Money Matters

The new normal

Money Matters
By Majyd Aziz
Mon, 06, 20

Lockdown. Soft, smart, full. Unlike Wuhan, China or Italy, the lockdown in Pakistan has been a subject of political, social, and public controversy. Those not in favor of any lockdown, talk about the economic impact due to closure of business enterprises. Notwithstanding these concerns, the fact is that lockdown was imperative and essential. It is another story whether Pakistan's Federal and Provincial governments managed lockdown in the real sense. What is more important is that the economy has been severely impacted and the ramifications in the short and long terms are and would be devastating. No one is sure when normalcy would return.

Lockdown. Soft, smart, full. Unlike Wuhan, China or Italy, the lockdown in Pakistan has been a subject of political, social, and public controversy. Those not in favor of any lockdown, talk about the economic impact due to closure of business enterprises. Notwithstanding these concerns, the fact is that lockdown was imperative and essential. It is another story whether Pakistan's Federal and Provincial governments managed lockdown in the real sense. What is more important is that the economy has been severely impacted and the ramifications in the short and long terms are and would be devastating. No one is sure when normalcy would return.

The initial outbreak of the virus forced the federal and provincial governments to announce immediate factory closures, mandate which type of shops could stay open, while caring less about disruptions to supplies in most of the sectors. The lockdown syndrome, instead of being preventive and precautionary, actually became a political ping-pong ball, more so between Islamabad and Sindh. Point-scoring became the daily humdrum with a devil-may-care attitude towards the economy.

There have been ad hoc measures taken by the federal government and to some extent the provincial governments, to deal with the economic fallout. Each Province makes its own rules and issues notifications and, in the case of Sindh, the COVID-19 Emergency Relief Ordinance 2020 that was recently promulgated by the Sindh Governor under Article 128 of the Pakistan Constitution, albeit without any consultation with the stakeholders. Although the draft was in circulation for some weeks, there was this hope that the governor would discuss with industrialists and, if there were to be any amendments, it would be conveyed to the Sindh chief minister. Nothing of this sort happened because the governor had tested COVID-19 positive again and was in quarantine. The burning questions remain: why only Sindh? Or, to be more precise, why only Karachi?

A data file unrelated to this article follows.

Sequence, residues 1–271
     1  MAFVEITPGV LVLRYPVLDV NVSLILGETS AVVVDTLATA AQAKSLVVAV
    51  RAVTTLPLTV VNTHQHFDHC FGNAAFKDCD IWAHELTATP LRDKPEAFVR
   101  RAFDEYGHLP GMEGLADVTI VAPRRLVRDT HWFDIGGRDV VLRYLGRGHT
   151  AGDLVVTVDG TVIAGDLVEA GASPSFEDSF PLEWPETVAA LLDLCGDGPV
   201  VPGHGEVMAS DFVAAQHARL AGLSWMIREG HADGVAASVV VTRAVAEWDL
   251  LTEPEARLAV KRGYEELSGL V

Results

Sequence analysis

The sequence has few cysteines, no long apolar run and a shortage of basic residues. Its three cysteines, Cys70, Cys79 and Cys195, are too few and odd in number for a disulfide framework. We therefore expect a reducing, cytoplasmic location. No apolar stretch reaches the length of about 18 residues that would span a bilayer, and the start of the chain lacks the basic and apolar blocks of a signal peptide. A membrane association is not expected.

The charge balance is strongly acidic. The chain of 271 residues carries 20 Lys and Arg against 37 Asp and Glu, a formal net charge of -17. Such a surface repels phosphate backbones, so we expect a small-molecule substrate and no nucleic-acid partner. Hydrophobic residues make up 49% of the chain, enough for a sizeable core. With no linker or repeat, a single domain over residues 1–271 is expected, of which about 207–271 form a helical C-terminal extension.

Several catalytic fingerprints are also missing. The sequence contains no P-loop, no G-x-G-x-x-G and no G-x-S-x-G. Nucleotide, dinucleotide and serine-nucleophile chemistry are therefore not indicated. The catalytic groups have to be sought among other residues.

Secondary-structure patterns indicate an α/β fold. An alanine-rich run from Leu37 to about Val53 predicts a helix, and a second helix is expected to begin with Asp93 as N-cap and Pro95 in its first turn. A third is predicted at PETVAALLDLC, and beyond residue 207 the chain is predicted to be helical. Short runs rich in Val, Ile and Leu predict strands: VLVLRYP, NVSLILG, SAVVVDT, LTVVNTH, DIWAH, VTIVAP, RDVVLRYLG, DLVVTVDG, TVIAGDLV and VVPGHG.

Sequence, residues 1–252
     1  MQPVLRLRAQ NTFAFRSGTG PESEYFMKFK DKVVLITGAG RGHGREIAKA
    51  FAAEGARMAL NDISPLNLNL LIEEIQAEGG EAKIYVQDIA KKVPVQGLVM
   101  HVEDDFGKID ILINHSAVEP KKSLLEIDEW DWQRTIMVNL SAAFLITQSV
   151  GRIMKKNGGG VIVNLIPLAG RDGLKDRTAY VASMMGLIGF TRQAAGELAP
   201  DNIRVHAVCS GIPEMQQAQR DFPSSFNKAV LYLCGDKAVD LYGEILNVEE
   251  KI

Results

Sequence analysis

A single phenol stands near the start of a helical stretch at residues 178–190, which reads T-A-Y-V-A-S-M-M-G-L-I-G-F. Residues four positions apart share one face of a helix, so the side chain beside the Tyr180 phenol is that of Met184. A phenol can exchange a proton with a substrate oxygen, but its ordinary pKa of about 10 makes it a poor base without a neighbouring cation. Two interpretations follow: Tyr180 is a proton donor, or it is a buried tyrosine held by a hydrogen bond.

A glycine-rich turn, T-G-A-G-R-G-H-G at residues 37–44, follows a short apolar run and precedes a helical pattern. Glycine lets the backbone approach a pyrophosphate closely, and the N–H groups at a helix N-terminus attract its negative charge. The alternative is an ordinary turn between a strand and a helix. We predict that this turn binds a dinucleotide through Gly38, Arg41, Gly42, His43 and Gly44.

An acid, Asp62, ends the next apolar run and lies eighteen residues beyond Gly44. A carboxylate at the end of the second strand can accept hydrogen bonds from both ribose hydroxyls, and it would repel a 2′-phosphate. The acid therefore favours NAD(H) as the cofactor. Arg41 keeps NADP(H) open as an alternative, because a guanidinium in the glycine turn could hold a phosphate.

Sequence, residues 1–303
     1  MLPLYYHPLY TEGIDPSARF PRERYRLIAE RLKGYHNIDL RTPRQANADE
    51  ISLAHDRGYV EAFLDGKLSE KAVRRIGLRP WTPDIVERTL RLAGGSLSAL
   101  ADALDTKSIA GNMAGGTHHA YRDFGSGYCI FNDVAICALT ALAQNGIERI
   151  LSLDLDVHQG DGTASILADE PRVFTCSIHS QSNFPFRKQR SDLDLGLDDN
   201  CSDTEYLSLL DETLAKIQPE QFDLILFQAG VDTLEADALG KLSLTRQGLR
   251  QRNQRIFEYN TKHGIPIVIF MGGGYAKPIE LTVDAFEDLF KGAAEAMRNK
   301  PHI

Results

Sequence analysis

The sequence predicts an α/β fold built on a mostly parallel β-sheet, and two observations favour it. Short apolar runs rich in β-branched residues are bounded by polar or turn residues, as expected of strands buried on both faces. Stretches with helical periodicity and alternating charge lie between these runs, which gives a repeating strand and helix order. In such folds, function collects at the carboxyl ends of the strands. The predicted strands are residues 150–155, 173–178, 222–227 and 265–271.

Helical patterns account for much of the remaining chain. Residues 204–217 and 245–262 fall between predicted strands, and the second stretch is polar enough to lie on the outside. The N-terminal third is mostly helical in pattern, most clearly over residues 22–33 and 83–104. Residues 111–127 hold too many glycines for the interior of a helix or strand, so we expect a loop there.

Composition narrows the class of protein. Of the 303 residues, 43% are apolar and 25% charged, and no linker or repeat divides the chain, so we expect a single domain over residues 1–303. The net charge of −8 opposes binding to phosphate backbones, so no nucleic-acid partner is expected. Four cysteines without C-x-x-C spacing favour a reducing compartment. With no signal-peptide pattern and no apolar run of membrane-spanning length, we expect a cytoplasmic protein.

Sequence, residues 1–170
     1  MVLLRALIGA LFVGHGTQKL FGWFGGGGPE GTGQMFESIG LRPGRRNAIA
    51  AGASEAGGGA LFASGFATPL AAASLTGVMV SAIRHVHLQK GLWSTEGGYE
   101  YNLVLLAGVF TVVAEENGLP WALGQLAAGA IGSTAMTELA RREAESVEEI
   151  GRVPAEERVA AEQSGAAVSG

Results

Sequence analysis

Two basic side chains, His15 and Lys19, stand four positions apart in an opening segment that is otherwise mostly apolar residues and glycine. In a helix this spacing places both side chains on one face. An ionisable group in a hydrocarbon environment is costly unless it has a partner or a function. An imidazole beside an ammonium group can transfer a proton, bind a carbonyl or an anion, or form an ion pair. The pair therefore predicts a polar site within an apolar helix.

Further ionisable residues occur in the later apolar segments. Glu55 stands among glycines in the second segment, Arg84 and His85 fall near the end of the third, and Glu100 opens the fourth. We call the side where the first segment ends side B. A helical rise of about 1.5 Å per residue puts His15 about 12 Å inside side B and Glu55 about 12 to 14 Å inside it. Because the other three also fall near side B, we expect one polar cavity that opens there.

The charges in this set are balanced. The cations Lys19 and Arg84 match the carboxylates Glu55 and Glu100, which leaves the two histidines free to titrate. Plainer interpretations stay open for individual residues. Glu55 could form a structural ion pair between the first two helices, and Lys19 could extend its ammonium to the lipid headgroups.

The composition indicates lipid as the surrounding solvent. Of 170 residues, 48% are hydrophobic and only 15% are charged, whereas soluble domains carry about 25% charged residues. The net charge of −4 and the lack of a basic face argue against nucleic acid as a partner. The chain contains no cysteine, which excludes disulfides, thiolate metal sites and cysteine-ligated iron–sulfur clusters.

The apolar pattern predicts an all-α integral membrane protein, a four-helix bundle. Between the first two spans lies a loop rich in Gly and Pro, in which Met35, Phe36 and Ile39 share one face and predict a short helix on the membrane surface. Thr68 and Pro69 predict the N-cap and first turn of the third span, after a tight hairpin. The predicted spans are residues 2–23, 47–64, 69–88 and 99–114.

This Ordinance reeks of some sort of vengeance against the private sector of Karachi rather than any attempt to establish the writ of the government. The ramifications of enforcement under the Ordinance would be sinister and threatening for the private sector. The death knell has been sounded, and this Ordinance would become a dead albatross around the neck of Karachi's already harried industrialists.

The COVID-19 pandemic situation, when economic activities are at an all-time low, has also forced industrialists and businessmen to reframe their business tactics and strategies, their future investment planning and development, their financial projections, and more importantly, their human resource arrangement. The after-effects of the virus will not ebb away as fast as it came in the world. The governments may have to rearrange their priorities, rules and regulations that could be contrary to WTO system, but they have to decide on a focused and prescribed rearrangement that is essential to maintain survivability of the economy. There could be a significant shift towards precautionary measures and creation of a new paradigm to jump-start the nation's economy.

What would be Pakistan’s situation post-COVID? The warnings are very ominous for the nation's economy. A country that was already under internal and external economic pressure, where bad tidings were a norm each day, where the economic managers were still lost at sea, where the exports were stagnant, currency diving south, policy rate abnormally high, large-scale manufacturing crossing the negative red line, and poverty was on the rise. Ad hoc measures, band-aids, and unsustainable solutions have been the hallmark of the economic team of this government whose policies are akin to bringing a knife to the gunfight. The virus has further compounded the nation's agony. It is more like jumping from the frying pan into the fire. The GDP rate will definitely go negative; the forecast by the government is that GDP would be minus 1.50 percent although some analysts are pushing a higher negative number, more than the official figure. Large-scale manufacturing was down by over 23 percent in March alone, and the figures of April and May would reflect a huge dive. During July-March 2020, the dip was 5.3 percent with negative seven months out of the nine months. All impressions of positive and plus economic factors are now consigned to the dustbin by one pandemic virus.